At the end of the workshop, participants divided in teams of 4/5 people have been asked to work out proposals about a public presentation taking into account the information they retrieved throughout the workshop, with regard to archaeological research, to material culture technology, as well as to the intangible data which refer to social rules in Bronze Age society.
ACTIVITIES (program of the workshop)
Friday April 13th - First day of Workshop Smiths in Bronze Age Europe (Modena – Palazzo dei Musei)
Afterthe introduction by Director of Modena Museum Ilaria Pulini, the archaeologist Cristiano Iaia gave one hour speech on the Terramare bronze production in connection with European general archaeological contexts. He focused mainly on some typologies of results subject of a specific research carried on together with expert craftsmen Markus Binggeli and Markus Binggeli. In particular starting from the pilot object: a bronze.
In the afternoon, after a visit to the Terramare collection guided by the Director of the museum Ilaria Pulini with a focus onof Terramare urns and their restoration, participants divided in groups and rotated at 4 workshop stations set up in the museum, interacting with experts about different steps of the production of bronze objects:
- Raw materials and metal circulation– dealt by experts: Milena Bertacchini (Earth Sciences Department of the University of Modena and Reggio Emilia), Cristiano Iaia (archaeologist whose main area of specialization is the later prehistory of Europe Bronze and Ages), Veronica Padovani (adjunct Research Associate in the Education and Outreach Department at the Paleontological Research Institution - Ithaca, NY, USA).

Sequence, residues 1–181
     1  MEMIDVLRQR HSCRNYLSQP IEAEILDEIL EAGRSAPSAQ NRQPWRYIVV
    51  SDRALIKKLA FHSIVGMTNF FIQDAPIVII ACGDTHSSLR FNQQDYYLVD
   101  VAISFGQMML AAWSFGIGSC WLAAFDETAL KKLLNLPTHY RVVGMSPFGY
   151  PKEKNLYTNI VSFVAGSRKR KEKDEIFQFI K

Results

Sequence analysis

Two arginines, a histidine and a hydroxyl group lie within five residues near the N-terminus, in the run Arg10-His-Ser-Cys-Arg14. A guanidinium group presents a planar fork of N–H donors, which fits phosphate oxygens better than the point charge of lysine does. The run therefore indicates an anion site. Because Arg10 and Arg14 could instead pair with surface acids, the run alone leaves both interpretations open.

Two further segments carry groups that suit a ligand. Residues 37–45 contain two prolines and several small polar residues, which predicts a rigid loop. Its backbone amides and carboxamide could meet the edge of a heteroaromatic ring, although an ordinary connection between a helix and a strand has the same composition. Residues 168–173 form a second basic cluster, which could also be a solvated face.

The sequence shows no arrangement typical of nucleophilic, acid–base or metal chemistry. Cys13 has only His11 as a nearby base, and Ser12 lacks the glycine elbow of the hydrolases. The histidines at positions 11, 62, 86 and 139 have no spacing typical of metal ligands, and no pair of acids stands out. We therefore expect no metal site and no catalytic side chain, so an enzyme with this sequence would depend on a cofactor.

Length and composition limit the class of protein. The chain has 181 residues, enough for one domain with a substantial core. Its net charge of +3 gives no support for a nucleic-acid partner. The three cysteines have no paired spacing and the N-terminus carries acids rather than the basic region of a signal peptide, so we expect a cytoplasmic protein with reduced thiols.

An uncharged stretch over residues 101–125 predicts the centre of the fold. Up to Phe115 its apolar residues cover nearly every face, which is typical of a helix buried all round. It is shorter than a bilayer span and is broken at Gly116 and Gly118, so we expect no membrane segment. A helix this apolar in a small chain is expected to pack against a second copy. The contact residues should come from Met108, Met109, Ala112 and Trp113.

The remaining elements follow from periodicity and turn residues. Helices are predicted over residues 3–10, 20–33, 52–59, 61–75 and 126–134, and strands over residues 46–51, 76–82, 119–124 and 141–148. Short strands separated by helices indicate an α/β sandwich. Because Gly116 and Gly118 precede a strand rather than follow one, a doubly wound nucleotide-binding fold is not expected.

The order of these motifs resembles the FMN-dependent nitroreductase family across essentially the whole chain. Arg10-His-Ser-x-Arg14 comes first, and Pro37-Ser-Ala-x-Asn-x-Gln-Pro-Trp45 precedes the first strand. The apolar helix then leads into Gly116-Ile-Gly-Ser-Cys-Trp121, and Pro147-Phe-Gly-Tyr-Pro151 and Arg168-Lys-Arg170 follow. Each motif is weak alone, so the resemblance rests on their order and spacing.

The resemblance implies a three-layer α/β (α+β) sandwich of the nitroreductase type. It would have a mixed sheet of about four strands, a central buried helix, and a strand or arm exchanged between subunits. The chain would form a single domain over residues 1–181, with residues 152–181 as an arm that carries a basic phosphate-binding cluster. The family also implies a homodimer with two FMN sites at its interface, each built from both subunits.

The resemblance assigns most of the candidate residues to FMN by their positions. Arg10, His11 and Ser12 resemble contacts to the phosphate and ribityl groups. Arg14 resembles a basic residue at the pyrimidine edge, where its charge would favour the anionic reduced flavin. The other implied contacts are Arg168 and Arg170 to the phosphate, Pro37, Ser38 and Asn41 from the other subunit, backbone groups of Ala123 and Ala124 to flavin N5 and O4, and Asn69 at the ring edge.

- Archaeometric analysis of bronze objects - dealt by experts: Maurizio Mazzucchelli (Professor of Petrology and Petrography, Faculty of Mathematics, Physics and Natural Sciences of the Modena and Reggio Emilia University), Federico Scacchetti (degree in Cultural Heritage with a thesis on chemical analysis of cremated bones from the necropolis of Casinalbo).
- moulds and tools - dealt by experts: Monia Barbieri (degree in Cultural Heritage with a thesis on stone moulds from the Terramare of Modena and Reggio Emilia areas), Cristina Lemorini (Professor at the University of Rome La Sapienza where she teaches Experimental Archaeology and Use-Wear analysis of lithic industry), Stefano Lugli (Professor of Geology at Modena and Reggio Emilia University).
- From casting to finished objects - dealt by experts: Markus Binggeli and markus Binggeli (Switzerland), Luca Pellegrini (degree in Cultural Heritage with a thesis on Terramare results, he’s involved in demonstrations of experimental archaeology at the Terramara Park of Montale).
Saturday April 14th - Second day of Workshop Smiths in Bronze Age Europe (Terramara Park of Montale)
After a visit to the Open Air Museum and Archaeological Park of the Terramara of Montale, participants experienced aspects of bronze casting techniques, working with skill experts Markus and Markus Binggeli and crafts people of the Terramara Park. Participants, being involved in hands-on activities, had the possibility to work in the manufacturing of objects with practical activities.
At the end of the workshop the different groups developed proposals creating the setting and the concept for a thorough presentation to the public.
This project has been funded with support from the European Commission. This publication [communication] reflects the views only of the author, and the Commission cannot be held responsible for any use which may be made of the information contained therein.